I haven’t properly built and finished a Gunpla model in…probably over three or four years? Cars have taken over and ruined my life. I’ve started lots of Gunpla projects and have failed to follow through on any of them in that time…until now.
This was an impulse buy just for the heck of it from Bandai’s pop-up booth in LA that’s running this season. I never really knew what the G40 was going in, but the salesman in the pop-up shop sold me when he told me these were reselling for way more than retail.
I did originally only purchase the kit with the intent to flip it, but heck – I committed myself to actually finishing this kit since it was just a HG and should be fairly easy to knock out.
The box and packaging is slick, which I do like. Apparently the G40 is some special edition RX-78-2 redesign made to commemorate Gundam’s 40th anniversary. As RX-78-2 redesigns go, this is definitely one of the less conservative ones.
Bandai really went out of their way to make sure you knew this was a special model kit, with its own dedicated full-color brochure talking about the design process for the model.
I didn’t really know what the hype was about with this collab, but it looks like Bandai really wants you to know this is from KEN OKUYAMA DESIGN.
Wow, this is awkward. So apparently this guy Okuyama-san is literally the mastermind behind the NSX (NA1) design, along with the Enzo Ferrari and a host of other iconic Pininfarina cars. I guess of any Gundam I’m going to build nowadays it’s fitting that it’s one designed by a renowned auto designer.
I love how the brochure book has all the design sketches for the mobile suit design and captions translated in English. They really wanted to drive home that everything is industrially designed.
I think I remember when this kit came out the hubub was about how Bandai engineered the fuck out of the hip joints because for whatever reason the waist armor was prohibited from moving. Well now we know – non-articulated waist armor was simply Ken Okuyama policy (presumably a standard in industrial design of course).
All the white plastic in this kit is actually an off-white – it’s that classic Gundam green-tint that Bandai likes to use for throwback kits.
The only stickers included, with your choice for pink or classic yellow eyes. Of course we’re going with neither.
There’s a surprising amount of movable parts for a HG here – the forearms are even built with a bit of rotation built in.
Unfortunately that build design means you get some very apparent seams in very obvious places. The lower arm is pretty much entirely composed of halves, so they were sealed with cement and sanded before paint.
Amused that even the manual photos have the seam lines showing on the arms.
All the off-white parts are painted pearl pure white with an off-white used for areas like the skirt and abdominal areas.
Pink is manly and so am I.
The infamous waist unit with like 4 pivots, pegs, and sliders all to allow the legs to swing down past the immovable skirts.
The only way any Gundam kit I build today is going to fit into my current collection is if it’s decked out in some gross itasha design, and we’ve already done a Racing Miku RX-78-2. Thankfully I had this spare Super Sonico GSR decal sheet lying around – it’s actually the leftover decals from a Sonico GT-R project that I never finished (it’s still collecting dust unbuilt).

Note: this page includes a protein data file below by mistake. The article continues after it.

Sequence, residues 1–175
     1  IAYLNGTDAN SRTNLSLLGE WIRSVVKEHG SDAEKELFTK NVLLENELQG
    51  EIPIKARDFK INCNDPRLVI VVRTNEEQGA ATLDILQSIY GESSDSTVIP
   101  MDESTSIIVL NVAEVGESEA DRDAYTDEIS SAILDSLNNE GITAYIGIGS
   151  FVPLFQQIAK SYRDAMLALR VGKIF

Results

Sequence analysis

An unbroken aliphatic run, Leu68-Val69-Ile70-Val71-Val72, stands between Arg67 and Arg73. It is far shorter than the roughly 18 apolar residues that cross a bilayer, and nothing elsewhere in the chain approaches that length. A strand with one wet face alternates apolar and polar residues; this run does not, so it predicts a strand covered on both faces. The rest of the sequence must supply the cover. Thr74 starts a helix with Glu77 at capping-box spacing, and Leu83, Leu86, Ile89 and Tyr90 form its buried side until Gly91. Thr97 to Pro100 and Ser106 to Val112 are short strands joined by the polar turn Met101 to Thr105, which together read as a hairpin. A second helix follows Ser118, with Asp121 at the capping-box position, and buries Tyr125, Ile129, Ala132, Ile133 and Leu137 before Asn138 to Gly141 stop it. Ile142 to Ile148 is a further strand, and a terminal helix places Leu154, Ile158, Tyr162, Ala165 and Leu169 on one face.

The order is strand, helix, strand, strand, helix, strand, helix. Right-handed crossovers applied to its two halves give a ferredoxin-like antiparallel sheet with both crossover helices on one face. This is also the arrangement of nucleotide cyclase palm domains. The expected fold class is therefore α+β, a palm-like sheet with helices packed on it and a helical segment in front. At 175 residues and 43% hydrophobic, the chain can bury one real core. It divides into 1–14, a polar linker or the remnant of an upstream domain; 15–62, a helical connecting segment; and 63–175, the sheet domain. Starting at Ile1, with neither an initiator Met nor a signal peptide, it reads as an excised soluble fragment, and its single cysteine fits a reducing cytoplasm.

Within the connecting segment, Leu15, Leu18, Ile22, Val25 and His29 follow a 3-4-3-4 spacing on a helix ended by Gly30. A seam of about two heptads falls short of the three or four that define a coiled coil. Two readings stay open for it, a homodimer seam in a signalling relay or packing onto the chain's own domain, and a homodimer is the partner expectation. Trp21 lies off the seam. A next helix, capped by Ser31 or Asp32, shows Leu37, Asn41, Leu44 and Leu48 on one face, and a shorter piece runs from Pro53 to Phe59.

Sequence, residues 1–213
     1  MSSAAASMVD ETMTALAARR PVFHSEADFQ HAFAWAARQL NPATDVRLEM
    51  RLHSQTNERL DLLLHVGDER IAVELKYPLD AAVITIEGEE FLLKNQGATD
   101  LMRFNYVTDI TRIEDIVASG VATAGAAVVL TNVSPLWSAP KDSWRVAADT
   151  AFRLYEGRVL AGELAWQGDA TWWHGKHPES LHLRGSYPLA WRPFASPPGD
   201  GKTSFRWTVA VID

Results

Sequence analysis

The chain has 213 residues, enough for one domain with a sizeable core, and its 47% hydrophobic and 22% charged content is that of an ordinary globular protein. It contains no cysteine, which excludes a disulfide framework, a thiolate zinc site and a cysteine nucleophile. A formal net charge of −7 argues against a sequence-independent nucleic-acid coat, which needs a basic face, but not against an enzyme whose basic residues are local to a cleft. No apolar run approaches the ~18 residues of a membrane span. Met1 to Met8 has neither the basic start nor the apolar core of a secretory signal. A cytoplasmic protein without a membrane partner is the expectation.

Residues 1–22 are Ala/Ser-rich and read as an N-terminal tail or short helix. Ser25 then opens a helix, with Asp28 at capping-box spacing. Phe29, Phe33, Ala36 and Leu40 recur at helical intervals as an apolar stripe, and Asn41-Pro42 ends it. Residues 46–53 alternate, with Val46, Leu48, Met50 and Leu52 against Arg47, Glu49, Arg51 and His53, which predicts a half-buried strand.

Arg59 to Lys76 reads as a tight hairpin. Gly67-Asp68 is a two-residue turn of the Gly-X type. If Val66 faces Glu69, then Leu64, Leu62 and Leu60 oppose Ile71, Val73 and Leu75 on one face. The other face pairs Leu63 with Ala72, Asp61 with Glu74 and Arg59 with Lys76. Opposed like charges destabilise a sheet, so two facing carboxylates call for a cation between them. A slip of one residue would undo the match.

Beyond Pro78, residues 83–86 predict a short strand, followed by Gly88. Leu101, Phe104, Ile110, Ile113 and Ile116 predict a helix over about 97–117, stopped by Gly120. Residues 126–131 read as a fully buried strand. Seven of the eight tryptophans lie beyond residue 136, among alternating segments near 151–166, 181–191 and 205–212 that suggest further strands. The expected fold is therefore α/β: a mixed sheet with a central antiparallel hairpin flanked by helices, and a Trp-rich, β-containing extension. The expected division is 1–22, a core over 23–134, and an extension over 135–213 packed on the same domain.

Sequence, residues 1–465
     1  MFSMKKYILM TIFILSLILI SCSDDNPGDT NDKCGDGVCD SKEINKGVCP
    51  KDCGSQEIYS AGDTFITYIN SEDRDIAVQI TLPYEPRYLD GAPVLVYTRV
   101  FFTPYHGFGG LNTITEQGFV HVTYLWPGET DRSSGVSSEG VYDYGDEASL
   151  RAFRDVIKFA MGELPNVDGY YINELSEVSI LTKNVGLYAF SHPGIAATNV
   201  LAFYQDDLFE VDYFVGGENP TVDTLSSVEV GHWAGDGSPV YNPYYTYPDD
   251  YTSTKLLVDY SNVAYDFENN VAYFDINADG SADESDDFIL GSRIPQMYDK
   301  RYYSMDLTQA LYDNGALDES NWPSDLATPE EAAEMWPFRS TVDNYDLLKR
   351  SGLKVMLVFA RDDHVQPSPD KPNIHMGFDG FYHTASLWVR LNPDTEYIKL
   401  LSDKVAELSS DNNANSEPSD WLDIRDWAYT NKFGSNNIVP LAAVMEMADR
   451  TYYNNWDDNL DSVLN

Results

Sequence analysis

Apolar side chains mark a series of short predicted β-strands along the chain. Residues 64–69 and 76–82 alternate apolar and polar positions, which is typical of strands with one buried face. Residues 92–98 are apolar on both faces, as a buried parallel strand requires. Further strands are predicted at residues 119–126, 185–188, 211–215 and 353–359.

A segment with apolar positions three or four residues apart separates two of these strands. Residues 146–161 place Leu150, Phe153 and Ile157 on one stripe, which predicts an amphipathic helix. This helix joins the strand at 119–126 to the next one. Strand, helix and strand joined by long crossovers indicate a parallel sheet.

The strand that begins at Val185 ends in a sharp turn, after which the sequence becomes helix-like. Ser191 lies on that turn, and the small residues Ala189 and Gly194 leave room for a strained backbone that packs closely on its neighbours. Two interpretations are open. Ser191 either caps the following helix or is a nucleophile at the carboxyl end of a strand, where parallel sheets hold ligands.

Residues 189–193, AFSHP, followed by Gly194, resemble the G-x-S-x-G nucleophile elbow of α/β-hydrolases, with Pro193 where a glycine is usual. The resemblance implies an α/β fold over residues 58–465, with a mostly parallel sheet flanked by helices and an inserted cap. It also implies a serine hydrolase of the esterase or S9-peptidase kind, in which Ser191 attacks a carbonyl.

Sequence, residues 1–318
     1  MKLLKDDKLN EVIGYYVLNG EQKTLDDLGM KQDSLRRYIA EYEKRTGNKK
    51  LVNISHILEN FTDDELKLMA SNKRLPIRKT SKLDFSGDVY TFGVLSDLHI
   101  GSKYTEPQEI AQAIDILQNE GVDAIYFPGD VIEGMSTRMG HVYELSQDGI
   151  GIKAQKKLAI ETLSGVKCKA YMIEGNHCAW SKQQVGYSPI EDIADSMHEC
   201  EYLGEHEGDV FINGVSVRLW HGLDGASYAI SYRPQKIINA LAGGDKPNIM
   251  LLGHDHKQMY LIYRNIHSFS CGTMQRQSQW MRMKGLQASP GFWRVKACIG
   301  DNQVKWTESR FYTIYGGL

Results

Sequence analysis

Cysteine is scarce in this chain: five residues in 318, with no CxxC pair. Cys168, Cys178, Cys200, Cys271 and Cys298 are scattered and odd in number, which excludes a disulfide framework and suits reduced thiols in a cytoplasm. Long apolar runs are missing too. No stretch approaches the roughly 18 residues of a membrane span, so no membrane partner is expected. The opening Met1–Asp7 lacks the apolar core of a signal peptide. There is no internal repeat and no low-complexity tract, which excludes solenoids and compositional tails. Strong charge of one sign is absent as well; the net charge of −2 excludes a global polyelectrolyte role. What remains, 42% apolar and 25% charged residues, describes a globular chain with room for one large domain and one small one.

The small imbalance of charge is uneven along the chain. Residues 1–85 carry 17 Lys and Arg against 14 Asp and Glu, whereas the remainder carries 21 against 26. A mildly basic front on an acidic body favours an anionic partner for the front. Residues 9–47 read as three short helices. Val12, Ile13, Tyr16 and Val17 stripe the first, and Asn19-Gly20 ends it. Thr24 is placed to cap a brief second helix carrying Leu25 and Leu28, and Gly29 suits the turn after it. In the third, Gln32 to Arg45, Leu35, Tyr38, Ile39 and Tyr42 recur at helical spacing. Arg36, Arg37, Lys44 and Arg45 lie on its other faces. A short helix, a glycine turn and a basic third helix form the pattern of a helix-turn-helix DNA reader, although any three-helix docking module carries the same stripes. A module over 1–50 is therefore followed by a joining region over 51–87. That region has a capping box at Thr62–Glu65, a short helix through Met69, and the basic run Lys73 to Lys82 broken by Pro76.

This was a lot easier on the 1/100 MG GSR Miku RX-78-2 I built before since the Gunpla was larger with more surface area. This being a 1/144 scale kit, I could only make do with a limited amount of Sonico, since the decals are larger and meant for 1/24 scale cars.
I didn’t really think the shield decal placement through when I was working on it, so now we’re left with crosshair tiddy.
Kind of a lighter design compared to my previous Itasha Gundam, but I don’t mind it.
Adding details in with the feet thrusters.
I decided to go with flat gray for the inner frame and joint parts since gunmetal is played out at this point. A lot of the “frame” parts on this kit are actually meant to be white, but I decided to do them in the traditional gray to break up the suit a bit more.
Complete. I forgot about the seam lines on the back of the feet oops.
I was going to do a flat finish on the armor at the very end but after putting it together I actually really liked the car-like glossy finish.
I had initially only glossed everything in order to blend the water slide decals in better (you get less decal silvering over a gloss surface than a matte surface) but ended up enjoying the look so much I just kept it.
It’s a very mobile kit, true to the early reviews. The redesigned look of the G40 looks a bit strange just standing still, but the industrial design actually looks really good in action.
My biggest peev with this kit is the torso/abdomen design. The middle white piece right below the chest vents isn’t connected to anything – it just floats between the upper torso and the lower torso that connects to the waist.
I get why – having that piece be free-moving gives the torso more movement and articulation, but it constantly feels loose as you handle the kit, and the multi-joint system inside the torso is very weak, meaning the Gundam is constantly splitting in half.
I was also not a fan of Okuyama’s decision to have the classic beam sabers be flipped down on the backpack when not in use. I think the hilts being pointed up over the shoulders is an iconic look. Thankfully the kit gives us the option to keep it that way, by just keeping the holsters rotated up.